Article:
Kairos
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Kairos

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Kairos Kairos Presentation Transcript

  • Kairos and the Rhetorical Construction of Knowledge
  • Key definition of rhetoric
    • “Art of discovering all the available means
    • of persuasion in a given situation”
    • –Aristotle
  • Rhetoric and Empirical Truth
    • Many important questions can’t be settled with reference to “facts” alone.
    • Persuasive argument can help us arrive at “probable truth” where no clear consensus on the “facts” exists.
    • The language we use to name the world influences how we understand it.
  • Discourse Communities
    • Groups of people who differ in
    • --the vocabulary they use to describe the world
    • --the linguistic style and genres they prefer
    • --the kinds of “evidence” they value
    • --the questions / issues they find relevant
  • Ideological Commonplaces
    • A set of often unstated assumptions and beliefs that influences how we understand and behave in the world.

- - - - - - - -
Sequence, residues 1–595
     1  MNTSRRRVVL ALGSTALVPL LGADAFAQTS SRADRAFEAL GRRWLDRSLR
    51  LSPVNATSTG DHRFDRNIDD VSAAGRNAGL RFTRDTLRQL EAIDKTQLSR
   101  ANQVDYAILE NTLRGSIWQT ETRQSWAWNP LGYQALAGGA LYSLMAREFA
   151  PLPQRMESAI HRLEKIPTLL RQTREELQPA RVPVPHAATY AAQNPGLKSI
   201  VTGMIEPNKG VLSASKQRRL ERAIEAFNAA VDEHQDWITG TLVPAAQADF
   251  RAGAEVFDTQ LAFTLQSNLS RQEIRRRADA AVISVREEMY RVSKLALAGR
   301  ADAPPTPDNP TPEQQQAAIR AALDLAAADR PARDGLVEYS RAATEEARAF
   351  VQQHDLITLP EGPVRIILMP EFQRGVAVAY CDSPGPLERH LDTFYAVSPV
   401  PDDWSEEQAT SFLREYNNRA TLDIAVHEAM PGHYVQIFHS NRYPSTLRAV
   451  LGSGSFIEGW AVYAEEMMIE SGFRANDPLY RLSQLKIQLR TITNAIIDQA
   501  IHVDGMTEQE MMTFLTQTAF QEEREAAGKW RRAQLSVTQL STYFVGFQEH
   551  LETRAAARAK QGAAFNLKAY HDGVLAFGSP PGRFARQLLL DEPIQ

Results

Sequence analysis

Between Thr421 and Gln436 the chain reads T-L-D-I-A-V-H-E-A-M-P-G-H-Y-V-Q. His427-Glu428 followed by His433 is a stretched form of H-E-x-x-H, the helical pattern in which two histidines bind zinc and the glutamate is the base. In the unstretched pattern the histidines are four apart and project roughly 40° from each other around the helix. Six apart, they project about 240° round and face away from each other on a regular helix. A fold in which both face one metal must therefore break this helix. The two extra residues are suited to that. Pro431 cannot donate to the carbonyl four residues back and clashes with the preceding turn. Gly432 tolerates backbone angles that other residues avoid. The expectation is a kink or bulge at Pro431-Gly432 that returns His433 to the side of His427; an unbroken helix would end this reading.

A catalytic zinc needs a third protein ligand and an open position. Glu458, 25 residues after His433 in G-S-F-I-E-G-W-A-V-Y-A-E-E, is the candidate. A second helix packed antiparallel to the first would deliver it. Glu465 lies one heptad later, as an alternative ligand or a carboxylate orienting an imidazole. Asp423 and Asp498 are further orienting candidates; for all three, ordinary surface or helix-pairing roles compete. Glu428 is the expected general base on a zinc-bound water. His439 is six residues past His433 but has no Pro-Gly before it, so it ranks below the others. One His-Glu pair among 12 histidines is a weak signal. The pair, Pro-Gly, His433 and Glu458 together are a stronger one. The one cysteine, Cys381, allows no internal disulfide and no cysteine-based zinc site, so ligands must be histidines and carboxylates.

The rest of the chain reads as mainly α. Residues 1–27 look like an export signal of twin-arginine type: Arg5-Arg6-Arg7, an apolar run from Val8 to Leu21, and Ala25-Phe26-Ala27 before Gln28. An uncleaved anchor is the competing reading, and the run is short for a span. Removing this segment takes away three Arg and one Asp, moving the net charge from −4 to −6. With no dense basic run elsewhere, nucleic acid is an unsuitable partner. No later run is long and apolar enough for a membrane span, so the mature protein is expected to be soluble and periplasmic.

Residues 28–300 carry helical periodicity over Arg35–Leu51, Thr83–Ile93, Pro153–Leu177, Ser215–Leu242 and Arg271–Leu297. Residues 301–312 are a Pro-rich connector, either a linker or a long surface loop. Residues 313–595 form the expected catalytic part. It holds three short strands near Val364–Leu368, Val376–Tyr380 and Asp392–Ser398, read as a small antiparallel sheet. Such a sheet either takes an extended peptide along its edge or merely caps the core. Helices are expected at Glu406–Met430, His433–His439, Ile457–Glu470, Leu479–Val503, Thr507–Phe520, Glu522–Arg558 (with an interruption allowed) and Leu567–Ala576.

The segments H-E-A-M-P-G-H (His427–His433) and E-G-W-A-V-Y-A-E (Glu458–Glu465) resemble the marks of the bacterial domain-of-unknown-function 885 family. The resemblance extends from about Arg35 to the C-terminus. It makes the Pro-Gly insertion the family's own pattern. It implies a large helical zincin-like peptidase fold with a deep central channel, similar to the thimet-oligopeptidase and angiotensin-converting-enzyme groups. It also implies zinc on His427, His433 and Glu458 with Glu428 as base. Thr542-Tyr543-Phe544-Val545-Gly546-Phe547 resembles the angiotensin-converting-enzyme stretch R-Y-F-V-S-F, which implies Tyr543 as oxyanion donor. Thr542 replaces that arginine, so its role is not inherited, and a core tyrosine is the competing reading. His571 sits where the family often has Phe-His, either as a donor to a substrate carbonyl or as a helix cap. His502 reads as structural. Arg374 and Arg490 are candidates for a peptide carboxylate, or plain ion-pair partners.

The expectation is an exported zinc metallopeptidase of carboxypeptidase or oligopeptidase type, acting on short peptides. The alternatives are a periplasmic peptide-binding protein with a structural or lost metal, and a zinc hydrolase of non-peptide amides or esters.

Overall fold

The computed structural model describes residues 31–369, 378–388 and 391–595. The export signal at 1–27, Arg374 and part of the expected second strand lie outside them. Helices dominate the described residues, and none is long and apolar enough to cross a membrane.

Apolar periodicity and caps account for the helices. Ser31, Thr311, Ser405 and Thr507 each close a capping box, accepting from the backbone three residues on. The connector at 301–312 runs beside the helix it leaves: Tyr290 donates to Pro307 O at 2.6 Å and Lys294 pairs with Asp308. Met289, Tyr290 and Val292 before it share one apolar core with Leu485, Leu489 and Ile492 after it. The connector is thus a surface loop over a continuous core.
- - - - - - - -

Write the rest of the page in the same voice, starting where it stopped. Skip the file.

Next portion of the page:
• Kairos as Inventional Heuristic
    • Key questions to help rhetors adapt
    • arguments to particular times, places, and
    • audiences.
  • Kairos and Urgency
    • How have recent events made this issue
    • urgent right now?
    • Or, do I need to show its urgency to make it relevant to the present?
  • Analyzing Interested Communities
    • What arguments are being made by what groups / communities about this issue at this time?
    • What interests or ideological agendas are being served by these arguments?
  • Power and Media Gatekeepers
    • How do particular media outlets both highlight
    • and overlook the arguments of certain
    • groups (reinforcing an ideological point of view)?
    • Who has the most / least power to make their voices heard about this issue? Why?
    • How can a relatively powerless person gain an audience in this time?
  • Interconnections
    • What other issues are bound up with discourse about this issue right now? Why?
    • Should I connect more argument to these related issues or attempt to separate it?
  • Analyzing Audiences
    • What values or assumptions does the audience hold about the world?
    • What motivates them? What are there interests in this issue?
    • What kinds of evidence and language does the audience value?